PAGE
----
Deirdre Bourdet: January 2010 Archives

A Super Bowl of Chili

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By Deirdre Bourdet

It's that time of year to gather up your friends, stock the beer (or wine) fridge, turn on the TV, and sit around eating manly foods like salty meats, spicy meats, fatty meats, and fried stuff.  Yes indeed, the Super Bowl is upon us! The need for satisfyingly unhealthy ways to feed the ravening crowds is mounting.  But what to do if yucky weather makes barbecuing meat out of the question?  Opt for the indoor sports food of choice, one that combines fatty, salty, meaty, rich, and crunchy in endless permutations, all in a single bowl... chili con carne.

Hail Mauro, Full Of Grace

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2010-01-15 21.13.11.jpgBy Deirdre Bourdet

I love to be surprised.  The opening of a real Thai restaurant in downtown Napa made my month.  Further surprises in the Napa restaurant department seemed unlikely, especially given that the other two new places opening in town were both angling for local-friendly comfort food--by definition, not the stuff surprises are made of.   The endless hordes thronging Norman Rose Tavern for quality burgers and fried chicken every night shock no one.  But the discovery of another solid, interesting, and reasonably priced eatery just a block away--with no wait--totally made my weekend.

The Plight of The Cab-Drinker

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By Deirdre Bourdet

One of the biggest challenges facing a fan of cabernet sauvignon is finding foods that stand up to their bold and brawny wine. Unless you subsist entirely on red meats, you have no doubt noticed cab's tendency to overwhelm or clash with more delicate flavors and textures, particularly vegetables or white meats and fish.  Does this mean that you can never enjoy a glass of cab with these kinds of meals?  Of course not.  It just means you need to be more creative about bridging the gap between them.

Here are a few pointers on making your food more compatible with cabernet:

Cognac, Your New Best Friend

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By Deirdre Bourdet

I'm not a brown liquor kind of girl, but cognac has a special place in my heart and kitchen pantry.  Soups, vegetables, cheeses, meats, desserts--virtually anything you're cooking ascends to a higher plane when kissed with cognac.

Many people have had cognac cream sauce with steak. Many people have had cognac with lobster and crayfish, either as a bisque or in the shellfish sauce.  But few people in the states have enjoyed cognac-macerated prunes the way the Europeans do.  In France, pruneaux-Armagnac is a classic and much beloved ice cream flavor made with--yep, Armagnac and prunes.  This combo also finds its way into other desserts with regularity... not surprisingly.

Where the Kiwi Is Not a Fruit

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mussels.jpgBy Deirdre Bourdet

Cold January weather and my nearly depleted stock of suitcase wines make my thoughts return to New Zealand, where it is currently high summer and the oh-so-drinkable "savvy" (kiwi slang for sauvignon blanc) is flowing like water.  I spent two gluttonous weeks there last September, eating and drinking my way from Auckland in the north to Napier in the east, then to the south island through Marlborough and Waipara, and down to Christchurch.  It was pure hedonistic bliss.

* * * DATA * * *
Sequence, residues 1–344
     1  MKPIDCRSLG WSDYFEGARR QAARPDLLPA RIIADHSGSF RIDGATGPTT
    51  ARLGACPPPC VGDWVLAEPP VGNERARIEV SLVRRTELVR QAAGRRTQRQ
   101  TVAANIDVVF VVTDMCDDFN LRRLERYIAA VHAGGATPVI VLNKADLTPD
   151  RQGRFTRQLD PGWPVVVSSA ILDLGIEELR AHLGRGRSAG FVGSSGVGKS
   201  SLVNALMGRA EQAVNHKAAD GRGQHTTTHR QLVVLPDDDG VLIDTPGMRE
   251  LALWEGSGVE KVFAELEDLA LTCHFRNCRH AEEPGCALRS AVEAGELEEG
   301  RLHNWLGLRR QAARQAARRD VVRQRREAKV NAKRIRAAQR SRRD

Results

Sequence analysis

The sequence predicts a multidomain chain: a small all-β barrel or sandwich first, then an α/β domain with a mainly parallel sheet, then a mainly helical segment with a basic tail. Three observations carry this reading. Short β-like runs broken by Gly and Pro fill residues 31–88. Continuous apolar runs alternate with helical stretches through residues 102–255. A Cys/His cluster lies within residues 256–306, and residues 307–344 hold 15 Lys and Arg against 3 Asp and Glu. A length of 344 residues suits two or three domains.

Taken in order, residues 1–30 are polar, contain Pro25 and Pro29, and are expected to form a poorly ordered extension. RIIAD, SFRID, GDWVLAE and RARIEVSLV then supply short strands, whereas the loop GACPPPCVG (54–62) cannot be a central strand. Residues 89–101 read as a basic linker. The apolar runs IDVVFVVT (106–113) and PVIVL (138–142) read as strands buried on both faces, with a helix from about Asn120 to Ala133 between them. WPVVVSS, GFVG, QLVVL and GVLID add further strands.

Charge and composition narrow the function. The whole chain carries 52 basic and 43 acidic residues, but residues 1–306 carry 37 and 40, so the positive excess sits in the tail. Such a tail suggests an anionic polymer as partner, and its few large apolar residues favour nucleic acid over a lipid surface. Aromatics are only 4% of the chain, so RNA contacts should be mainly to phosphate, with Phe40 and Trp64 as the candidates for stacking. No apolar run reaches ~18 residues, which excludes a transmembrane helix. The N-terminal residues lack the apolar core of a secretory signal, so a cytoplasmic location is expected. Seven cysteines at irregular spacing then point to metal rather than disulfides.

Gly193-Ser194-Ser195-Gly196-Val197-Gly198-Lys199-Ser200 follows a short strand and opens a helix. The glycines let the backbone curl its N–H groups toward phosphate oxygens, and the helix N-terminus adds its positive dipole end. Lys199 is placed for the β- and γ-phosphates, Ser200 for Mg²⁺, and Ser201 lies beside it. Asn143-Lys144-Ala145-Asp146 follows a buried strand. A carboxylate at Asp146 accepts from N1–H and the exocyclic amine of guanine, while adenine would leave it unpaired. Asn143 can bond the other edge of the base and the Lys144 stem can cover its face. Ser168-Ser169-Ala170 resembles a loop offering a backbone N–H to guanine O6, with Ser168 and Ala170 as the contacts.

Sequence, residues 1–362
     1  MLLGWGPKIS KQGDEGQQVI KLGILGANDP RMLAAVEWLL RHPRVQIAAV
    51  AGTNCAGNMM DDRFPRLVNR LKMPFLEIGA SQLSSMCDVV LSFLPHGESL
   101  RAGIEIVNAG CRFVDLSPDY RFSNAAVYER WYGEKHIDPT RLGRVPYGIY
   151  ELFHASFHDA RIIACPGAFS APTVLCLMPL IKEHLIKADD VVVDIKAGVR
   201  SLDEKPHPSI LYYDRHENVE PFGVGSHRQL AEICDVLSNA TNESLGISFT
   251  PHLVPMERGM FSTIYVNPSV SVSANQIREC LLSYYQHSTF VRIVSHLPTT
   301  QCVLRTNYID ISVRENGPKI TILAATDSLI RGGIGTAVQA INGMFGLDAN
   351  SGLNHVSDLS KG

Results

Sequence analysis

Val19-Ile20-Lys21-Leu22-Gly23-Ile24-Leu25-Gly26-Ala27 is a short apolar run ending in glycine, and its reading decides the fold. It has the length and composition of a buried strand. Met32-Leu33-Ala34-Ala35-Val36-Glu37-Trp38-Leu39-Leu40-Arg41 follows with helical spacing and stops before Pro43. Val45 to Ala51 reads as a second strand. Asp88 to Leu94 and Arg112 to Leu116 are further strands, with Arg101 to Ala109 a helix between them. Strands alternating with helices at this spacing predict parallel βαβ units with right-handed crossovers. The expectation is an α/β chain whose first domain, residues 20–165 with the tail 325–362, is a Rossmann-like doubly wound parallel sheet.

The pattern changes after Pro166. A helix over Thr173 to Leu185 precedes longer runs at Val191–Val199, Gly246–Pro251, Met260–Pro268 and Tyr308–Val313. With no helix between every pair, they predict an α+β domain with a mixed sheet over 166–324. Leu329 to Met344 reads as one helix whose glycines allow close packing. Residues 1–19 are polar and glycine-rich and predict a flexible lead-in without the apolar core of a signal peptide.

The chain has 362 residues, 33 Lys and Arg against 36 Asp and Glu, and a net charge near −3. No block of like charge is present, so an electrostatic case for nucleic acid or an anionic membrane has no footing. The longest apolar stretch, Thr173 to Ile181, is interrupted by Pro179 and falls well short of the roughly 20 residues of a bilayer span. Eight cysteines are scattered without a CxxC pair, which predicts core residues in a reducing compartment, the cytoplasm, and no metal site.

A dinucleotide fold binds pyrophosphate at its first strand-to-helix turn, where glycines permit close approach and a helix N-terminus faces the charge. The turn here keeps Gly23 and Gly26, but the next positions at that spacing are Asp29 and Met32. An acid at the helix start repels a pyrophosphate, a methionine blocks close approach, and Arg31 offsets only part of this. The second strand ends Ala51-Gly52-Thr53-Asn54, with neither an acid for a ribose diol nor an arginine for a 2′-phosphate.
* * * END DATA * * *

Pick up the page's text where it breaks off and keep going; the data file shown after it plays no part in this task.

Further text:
Neither Here Nor Gruyère

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By Deirdre Bourdet

My obsession with fresh goat cheeses often keeps me from buying any other kind.  Chèvre is so delicious on its own, so versatile in cooking, so hardy when forgotten in the refrigerator--I forget that another cheese also boasts all of these characteristics--and looks and tastes entirely, refreshingly, different.

Tavern of Burgery Delights

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burger1.jpgBy Deirdre Bourdet

The much-anticipated Norman Rose Tavern opened with a bang at the end of December, with crowds out the door and throngs around the bar.  No one expected any less for a new restaurant from the folks behind the deservedly and wildly popular Pizzeria Azzurro just a few blocks away.

The Tavern is the first restaurant open for business in the new Napa Square Building, in a quickly upscaling section of First Street in downtown Napa. It bills itself as offering "elevated American classics" like big chopped salads, fried chicken sandwiches, all-beef hot dogs from Fatted Calf, mashed potatoes, french fries, and of course... cheeseburgers.

Bacon, Sweet Mystery of Life

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francisnbacon.jpgBy Deirdre Bourdet

Sweet-savory desserts are now a way of life, it seems.  But for many, the most exciting (if borderline disturbing) sweet creations are those that incorporate the incomparable flavor of pork.  Bacony sweets were once the exclusive realm of the molecular gastronomists, who put bacon ice cream in soup with a slow poached egg in preparations designed as much to shock as to delight the taste buds.  The current generation of porked out sweets, though, seem to be taking a more natural approach that I think will be better received than the chocolate-bacon truffles of yesteryear.

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